- A superb copy of the band’s third studio album with outstanding Double Plus (A++) sound – reasonably quiet vinyl to this title too
- Stunning Live-in-the-Studio Rock Sound that must be heard to be believed – All Right Now sounds fantastic
- The recording sounds more alive than 99 out of 100 rock records we’ve played, and we’ve played the best sounding rock records ever made
- Top 100 and 4 1/2 stars: “From Paul Kossoff’s exquisite and tasteful guitar work, to Paul Rodgers’ soulful vocals, this was a group that was easily worthy of the mantle worn by Cream, Blind Faith, or Derek & the Dominos.”
To find a copy that plays this quietly and sounds this good is no mean feat, but here one is!
This is one of our favorite recordings and a member of our Top 100, but it only works when you get the right pressing. This one has the big, spacious soundstage and punchy bottom end to bring it to life!
This is the sound of a real rock ‘n’ roll band — no gimmicks, no tricks — just guitar, bass, drums, and vocals. This album has stunning Live-in-the-Studio Rock Sound that must be heard to be believed.
It’s got exactly what you want from this brand of straight-ahead rock and roll: presence in the vocals; solid, note-like bass; big punchy drums, and the kind of live-in-the-studio energetic, clean and clear sound that Free practically invented. (AC/DC is another band with that kind of live studio sound. With big speakers and the power to drive them YOU ARE THERE.)
What the best sides of Fire And Water have to offer is not hard to hear:
- The biggest, most immediate staging in the largest acoustic space
- The most Tubey Magic, without which you have almost nothing. CDs give you clean and clear. Only the best vintage vinyl pressings offer the kind of Tubey Magic that was on the tapes in 1970
- Tight, note-like, rich, full-bodied bass, with the correct amount of weight down low
- Natural tonality in the midrange — with all the instruments having the correct timbre
- Transparency and resolution, critical to hearing into the three-dimensional space of the studio
No doubt there’s more but we hope that should do for now. Playing the record is the only way to hear all of the qualities we discuss above, and playing the best pressings against a pile of other copies under rigorously controlled conditions is the only way to find a pressing that sounds as good as this one does.
Side one leads off with Fire and Water, and boy does it ever sound good. This track will show you exactly what we mean by live in the studio sound. You can just tell they are all playing this one live; it’s so relaxed and natural and REAL sounding.
One thing that really took us by surprise on the first track is how BIG and FAT the toms are on the best copies and how thin and small they are on the average copy. Play a few copies for yourself and just listen for the size and power of the toms. Most copies will leave you wanting more.
What We’re Listening For on Fire And Water
- Energy for starters. What could be more important than the life of the music?
- The Big Sound comes next — wall to wall, lots of depth, huge space, three-dimensionality, all that sort of thing.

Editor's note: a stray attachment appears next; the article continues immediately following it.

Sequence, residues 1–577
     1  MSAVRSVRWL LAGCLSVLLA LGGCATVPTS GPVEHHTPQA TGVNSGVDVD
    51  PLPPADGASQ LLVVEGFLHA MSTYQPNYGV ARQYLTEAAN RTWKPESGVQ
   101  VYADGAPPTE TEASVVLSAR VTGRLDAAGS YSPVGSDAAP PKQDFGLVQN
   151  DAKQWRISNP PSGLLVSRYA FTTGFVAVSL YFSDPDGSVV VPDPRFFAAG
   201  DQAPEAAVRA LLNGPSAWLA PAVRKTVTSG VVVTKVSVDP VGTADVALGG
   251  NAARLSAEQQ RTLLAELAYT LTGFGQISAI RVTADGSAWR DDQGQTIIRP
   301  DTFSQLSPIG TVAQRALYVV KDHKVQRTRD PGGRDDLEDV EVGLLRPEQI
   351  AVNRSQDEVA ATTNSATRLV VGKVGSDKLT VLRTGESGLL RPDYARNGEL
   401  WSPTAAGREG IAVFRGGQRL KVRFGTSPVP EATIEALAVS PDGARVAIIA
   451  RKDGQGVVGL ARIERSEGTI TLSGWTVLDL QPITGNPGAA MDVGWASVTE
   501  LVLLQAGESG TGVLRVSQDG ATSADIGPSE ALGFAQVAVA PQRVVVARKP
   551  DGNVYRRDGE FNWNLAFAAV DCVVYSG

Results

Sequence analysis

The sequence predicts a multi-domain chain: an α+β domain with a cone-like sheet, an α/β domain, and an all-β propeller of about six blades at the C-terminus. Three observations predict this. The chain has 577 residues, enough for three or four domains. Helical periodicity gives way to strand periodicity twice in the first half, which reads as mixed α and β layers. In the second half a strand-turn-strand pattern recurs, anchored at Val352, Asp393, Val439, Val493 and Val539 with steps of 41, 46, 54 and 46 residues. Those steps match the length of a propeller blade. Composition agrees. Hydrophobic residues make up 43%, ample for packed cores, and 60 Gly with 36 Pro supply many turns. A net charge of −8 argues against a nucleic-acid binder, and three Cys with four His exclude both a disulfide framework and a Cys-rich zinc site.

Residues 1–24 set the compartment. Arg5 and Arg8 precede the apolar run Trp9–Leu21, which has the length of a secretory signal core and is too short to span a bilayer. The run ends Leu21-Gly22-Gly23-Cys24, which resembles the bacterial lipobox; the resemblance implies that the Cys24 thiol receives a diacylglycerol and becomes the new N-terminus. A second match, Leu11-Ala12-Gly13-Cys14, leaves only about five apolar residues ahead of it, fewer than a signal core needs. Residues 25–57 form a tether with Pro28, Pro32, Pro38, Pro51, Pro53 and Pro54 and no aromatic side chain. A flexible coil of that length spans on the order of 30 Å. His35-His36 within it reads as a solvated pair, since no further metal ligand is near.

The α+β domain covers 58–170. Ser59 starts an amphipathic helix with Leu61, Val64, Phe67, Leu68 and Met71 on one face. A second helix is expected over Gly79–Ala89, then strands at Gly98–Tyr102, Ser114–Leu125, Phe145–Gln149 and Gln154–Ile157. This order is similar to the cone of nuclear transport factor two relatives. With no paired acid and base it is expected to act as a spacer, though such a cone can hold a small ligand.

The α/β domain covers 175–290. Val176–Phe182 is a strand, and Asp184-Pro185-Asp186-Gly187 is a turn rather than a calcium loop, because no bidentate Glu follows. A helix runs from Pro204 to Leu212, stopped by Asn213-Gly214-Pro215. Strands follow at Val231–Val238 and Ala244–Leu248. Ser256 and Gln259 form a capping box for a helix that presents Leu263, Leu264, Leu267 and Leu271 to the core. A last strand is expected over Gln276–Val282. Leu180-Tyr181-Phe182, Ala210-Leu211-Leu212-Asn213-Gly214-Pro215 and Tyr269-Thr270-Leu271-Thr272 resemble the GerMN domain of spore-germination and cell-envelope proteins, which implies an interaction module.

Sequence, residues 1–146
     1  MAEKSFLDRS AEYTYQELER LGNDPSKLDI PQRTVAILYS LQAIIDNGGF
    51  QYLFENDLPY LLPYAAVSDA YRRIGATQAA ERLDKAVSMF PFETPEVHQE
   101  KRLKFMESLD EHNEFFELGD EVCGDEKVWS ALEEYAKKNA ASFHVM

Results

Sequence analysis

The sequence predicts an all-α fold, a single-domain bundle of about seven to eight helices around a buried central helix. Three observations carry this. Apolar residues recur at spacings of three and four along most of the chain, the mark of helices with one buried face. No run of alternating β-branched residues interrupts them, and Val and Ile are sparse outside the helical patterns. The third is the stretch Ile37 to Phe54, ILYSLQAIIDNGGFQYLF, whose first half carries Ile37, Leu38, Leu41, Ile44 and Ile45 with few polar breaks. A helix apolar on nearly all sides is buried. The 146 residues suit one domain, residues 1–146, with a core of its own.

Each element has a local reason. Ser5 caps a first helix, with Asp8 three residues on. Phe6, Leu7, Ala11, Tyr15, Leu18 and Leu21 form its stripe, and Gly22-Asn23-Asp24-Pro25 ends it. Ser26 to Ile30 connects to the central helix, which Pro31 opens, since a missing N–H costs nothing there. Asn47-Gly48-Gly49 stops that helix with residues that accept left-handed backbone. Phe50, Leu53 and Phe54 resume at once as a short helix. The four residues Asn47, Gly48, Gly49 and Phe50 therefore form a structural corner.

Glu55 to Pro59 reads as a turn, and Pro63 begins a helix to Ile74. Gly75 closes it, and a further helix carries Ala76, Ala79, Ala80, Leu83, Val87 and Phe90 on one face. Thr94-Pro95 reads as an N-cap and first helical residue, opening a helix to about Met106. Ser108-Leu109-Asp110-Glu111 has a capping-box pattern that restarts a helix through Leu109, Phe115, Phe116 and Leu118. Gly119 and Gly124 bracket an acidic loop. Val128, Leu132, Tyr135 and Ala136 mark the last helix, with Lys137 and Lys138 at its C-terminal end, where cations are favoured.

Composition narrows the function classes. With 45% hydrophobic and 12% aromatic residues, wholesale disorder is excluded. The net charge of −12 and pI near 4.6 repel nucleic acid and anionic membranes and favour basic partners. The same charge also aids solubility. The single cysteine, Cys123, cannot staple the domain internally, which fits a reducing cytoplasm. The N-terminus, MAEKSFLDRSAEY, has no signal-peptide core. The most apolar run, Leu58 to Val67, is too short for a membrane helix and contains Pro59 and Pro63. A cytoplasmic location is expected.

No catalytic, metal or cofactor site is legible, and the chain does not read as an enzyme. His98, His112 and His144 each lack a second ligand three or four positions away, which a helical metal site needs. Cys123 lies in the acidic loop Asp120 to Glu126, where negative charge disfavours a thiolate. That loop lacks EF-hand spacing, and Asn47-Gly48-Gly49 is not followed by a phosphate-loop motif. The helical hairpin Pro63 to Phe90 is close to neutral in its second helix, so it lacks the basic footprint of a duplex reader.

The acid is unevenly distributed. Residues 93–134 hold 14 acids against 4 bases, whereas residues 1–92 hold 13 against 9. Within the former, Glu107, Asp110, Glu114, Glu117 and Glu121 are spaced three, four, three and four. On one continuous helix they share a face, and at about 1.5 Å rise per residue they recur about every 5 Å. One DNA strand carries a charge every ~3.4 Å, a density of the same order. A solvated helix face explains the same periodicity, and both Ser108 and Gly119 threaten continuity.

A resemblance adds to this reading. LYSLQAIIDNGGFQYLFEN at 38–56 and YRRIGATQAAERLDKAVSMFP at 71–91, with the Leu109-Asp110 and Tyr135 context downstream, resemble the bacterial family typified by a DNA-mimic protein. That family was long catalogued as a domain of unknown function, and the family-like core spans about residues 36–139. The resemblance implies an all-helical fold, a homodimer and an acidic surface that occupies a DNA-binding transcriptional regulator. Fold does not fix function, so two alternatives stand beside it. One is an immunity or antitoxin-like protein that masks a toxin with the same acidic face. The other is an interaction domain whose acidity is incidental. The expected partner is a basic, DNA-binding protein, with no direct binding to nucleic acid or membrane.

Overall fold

- Then transient information — fast, clear, sharp attacks for the guitars and drums, not the smear and thickness common to most LPs.
- Tight, note-like bass with clear fingering — which ties in with good transient information, as well as the issue of frequency extension further down.
- Next: transparency — the quality that allows you to hear deep into the soundfield, showing you the space and air around all the players.
- Then: presence and immediacy. The musicians aren’t “back there” somewhere, way behind the speakers. They’re front and center where any recording engineer worth his salt — Roy Thomas Baker in this case — would have put them.
- Extend the top and bottom and voila, you have The Real Thing — an honest to goodness Hot Stamper.
Roy Baker engineered the album (later to be known as Roy Thomas Baker), the man responsible for the amazing recordings of The Cars, Devo, Queen, T-Rex and too many others to name. His work here is hard to fault.
We had a similar reaction to the sound of Bad Company’s Straight Shooter. The comments below are taken from that listing with minor changes, and in some ways are even more true for Fire and Water (!).
This is a true Demo Disc. (On our system anyway. Our stereo is all about playing records like this, and playing them at good loud levels as nature — and the artists — intended.)
We revamped our Top 100 List in 2012 and this bad boy is now on it.
Fire and Water
Oh I Wept
Don’t Say You Love Me
All Right Now
AMG 4 1/2 Star Rave Review
If Fleetwood Mac, Humble Pie, and Foghat were never formed, Free would be considered one of the greatest post-Beatles blues-rock bands to date, and Fire and Water shows why. Conceptually fresh, with a great, roots-oriented, Band-like feel, Free distinguished itself with the public like Black Sabbath and Deep Purple did (in terms of impact, only) in 1970. Free presented itself to the world as a complete band, in every sense of the word. From Paul Kossoff’s exquisite and tasteful guitar work, to Paul Rodgers’ soulful vocals, this was a group that was easily worthy of the mantle worn by Cream, Blind Faith, or Derek & the Dominos.
Simply Vinyl did this title way back when and it’s passable at best. This is not the kind of record that anyone is ever going to remaster properly, in our humble opinion.